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Turkey's Velvet Revolution

Nothing is predictable in the aftermath of the tempest at Istanbul’s Taksim Square.
A man is hit by a jet of water as riot police use a water cannon to disperse demonstrators during a protest against Turkey's Prime Minister Tayyip Erdogan and his ruling Justice and Development Party (AKP) in central Ankara June 1, 2013. Erdogan made a defiant call for an end to the fiercest anti-government demonstrations in years on Saturday, as thousands of protesters clashed with riot police in Istanbul and Ankara for a second day.     REUTERS/Umit Bektas (TURKEY - Tags: POLITICS CIVIL UNREST TPX IMAGES
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ISTANBUL — I have been living in Istanbul for 40 years. I have never seen days like the last two in my city. I never thought I would be living through times like these.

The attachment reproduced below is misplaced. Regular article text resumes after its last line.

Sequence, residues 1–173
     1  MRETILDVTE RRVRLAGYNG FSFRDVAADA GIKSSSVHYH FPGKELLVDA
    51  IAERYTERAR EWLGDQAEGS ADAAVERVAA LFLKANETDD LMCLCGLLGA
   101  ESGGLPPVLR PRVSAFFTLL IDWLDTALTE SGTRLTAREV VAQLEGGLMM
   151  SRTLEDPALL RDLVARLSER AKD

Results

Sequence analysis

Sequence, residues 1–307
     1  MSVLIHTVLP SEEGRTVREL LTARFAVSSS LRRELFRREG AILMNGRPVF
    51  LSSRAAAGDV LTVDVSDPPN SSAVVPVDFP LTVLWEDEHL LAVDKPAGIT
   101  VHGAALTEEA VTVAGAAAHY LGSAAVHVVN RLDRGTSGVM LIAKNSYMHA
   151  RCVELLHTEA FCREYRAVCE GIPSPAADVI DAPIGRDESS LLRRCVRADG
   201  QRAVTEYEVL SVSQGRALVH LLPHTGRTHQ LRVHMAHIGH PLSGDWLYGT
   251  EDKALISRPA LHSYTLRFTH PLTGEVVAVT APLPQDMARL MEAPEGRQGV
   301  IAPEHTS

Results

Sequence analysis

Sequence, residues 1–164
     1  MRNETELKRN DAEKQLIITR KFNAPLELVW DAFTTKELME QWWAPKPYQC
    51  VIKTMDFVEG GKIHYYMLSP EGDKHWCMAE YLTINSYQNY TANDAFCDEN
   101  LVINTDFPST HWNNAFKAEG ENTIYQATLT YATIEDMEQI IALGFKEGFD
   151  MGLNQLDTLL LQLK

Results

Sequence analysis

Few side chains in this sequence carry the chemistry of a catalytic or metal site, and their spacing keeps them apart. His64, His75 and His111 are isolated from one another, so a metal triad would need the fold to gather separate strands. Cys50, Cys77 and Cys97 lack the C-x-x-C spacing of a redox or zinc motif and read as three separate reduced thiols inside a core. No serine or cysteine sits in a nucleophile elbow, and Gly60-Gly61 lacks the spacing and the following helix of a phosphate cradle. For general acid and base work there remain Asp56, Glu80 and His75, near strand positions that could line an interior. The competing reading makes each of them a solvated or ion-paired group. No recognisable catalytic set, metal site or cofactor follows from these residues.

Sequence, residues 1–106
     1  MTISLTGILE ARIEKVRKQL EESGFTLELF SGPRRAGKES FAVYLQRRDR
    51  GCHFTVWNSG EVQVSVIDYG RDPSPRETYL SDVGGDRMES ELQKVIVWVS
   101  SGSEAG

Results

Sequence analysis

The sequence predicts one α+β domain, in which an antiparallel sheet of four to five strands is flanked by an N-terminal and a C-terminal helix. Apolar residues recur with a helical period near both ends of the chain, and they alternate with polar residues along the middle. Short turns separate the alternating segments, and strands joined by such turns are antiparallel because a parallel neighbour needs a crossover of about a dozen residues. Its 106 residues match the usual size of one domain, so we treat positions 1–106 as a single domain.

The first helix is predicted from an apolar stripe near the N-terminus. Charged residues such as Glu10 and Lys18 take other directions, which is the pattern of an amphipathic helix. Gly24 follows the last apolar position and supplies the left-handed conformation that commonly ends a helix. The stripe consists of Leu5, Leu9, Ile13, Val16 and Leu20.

I am writing these lines as a veteran of revolutionary situations and extraordinary days. Which one should I recall?  I am someone who was in East Berlin in November 1989 when the Berlin Wall came down and stayed on for days to live those momentous days; after Berlin, I was in beautiful Prague to experience the Velvet Revolution; in 1987 and 1988, I witnessed the Palestinian intifada in Jerusalem, and in other towns of the West Bank and Gaza; I was there during those memorable days of August 1991 when Boris Yeltsin stood up on a tank but the military coup collapsed, Gorbachev returned to the capital and the Soviet Union disintegrated. And, finally, in I was in Beirut during the week of March 2005 when the Syrians evacuated Lebanon.

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